As I glanced through the show times of movies this past weekend, I took note that a few of the biggest blockbusters (currently in theaters) had one thing in common: a very twisted portrayal of relationships.
Do you know what's playing at a theater near you?
A Deteriorating View of Relationships
Parents and youth workers know this best: one of the biggest influences in life – if not the
biggest – is the quality of relationships we keep. But a quick look through the lenses of culture reveals a greatly cheapened understanding of relationships compared to those of yesteryear.
How people treat others is changing. In fact, how people are encouraged
to treat others is changing. In many of today's relationships, things like commitment, loyalty, and respect are on the endangered species list.
But that's not the way it's always been. Where is this new trend coming from? Who's modeling this new (and lesser) understanding of relationships? Both of those questions can be answered in one word: media.
If you don't believe me, just take a look at three films playing on movie screens in your towns right now
. See if their presentation of relationships is familiar to your understanding, or whether the lessons they're promoting are (very) different from those you've known in the past.
Movie #1: Hall Pass
The movie's official website
offers a "unique" take on problem-solving within marriages. Here's how the production company describes their film:
Best buds Rick and Fred (Owen Wilson and Jason Sudeikis) have both been married for many years. When they begin to show signs of restlessness at home, their wives (Jenna Fischer and Christina Applegate) take a bold approach to revitalize their marriages: they grant the guys a "hall pass," one week of freedom to do whatever they want. No questions asked.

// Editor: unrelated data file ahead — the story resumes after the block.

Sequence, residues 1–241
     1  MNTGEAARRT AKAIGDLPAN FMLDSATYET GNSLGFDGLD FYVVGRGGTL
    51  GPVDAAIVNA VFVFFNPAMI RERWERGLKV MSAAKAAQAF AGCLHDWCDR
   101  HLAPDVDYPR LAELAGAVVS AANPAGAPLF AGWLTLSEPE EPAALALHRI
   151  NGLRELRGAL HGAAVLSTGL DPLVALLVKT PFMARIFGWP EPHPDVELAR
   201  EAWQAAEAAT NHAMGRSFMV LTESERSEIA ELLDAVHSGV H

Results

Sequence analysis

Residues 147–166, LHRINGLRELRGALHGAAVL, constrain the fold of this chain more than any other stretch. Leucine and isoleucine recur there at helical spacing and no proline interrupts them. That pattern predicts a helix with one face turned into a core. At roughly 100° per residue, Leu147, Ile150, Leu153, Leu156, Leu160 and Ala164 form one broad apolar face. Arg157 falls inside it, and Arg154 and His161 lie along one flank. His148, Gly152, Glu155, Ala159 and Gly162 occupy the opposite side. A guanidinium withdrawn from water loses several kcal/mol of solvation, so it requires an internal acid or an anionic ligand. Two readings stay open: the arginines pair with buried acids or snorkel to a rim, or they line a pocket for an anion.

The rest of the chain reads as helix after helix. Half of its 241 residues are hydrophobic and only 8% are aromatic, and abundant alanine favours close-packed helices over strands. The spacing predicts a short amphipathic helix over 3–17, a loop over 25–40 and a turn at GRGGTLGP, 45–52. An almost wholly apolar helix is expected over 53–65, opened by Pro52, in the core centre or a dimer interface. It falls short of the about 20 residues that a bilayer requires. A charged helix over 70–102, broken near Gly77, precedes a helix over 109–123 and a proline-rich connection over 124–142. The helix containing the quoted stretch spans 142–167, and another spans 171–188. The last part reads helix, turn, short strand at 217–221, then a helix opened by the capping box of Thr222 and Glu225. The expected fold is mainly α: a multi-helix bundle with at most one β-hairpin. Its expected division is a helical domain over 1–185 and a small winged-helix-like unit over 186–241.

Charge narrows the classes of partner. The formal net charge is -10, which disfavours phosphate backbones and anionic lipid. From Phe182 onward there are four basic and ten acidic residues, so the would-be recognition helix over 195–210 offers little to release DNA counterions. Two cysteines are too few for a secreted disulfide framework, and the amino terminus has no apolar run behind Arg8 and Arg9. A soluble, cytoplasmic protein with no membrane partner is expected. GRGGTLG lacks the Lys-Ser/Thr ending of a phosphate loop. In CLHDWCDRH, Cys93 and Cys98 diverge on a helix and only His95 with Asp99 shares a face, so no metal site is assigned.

Elsewhere on the site, the film defines Hall Pass
as, "A week off from marriage to do whatever you want without consequences." The film's "green band" trailer
(for all audiences) reveals the comedic trouble the guys quickly find themselves in as they go in search of babes. A "red band" trailer (for restricted audiences requiring age authentication) exists as well, showing why the movie fully earns its rating of R for "crude and sexual humor throughout, language, some graphic nudity and drug use."
was released on February 25, 2011 and raked in $13.5 million
during its opening weekend. And what did teenagers who saw the movie learn about relationships?
1. When men (or women, for that matter) can't control themselves, they should just be given whatever they crave.
2. The promises made between a man and a woman during their wedding ceremony can be put on pause.
3. Our actions do not have to have consequences attached to them.
These "gems" are just a few of the lessons highlighted in Hall Pass
. Of course, viewers will also see...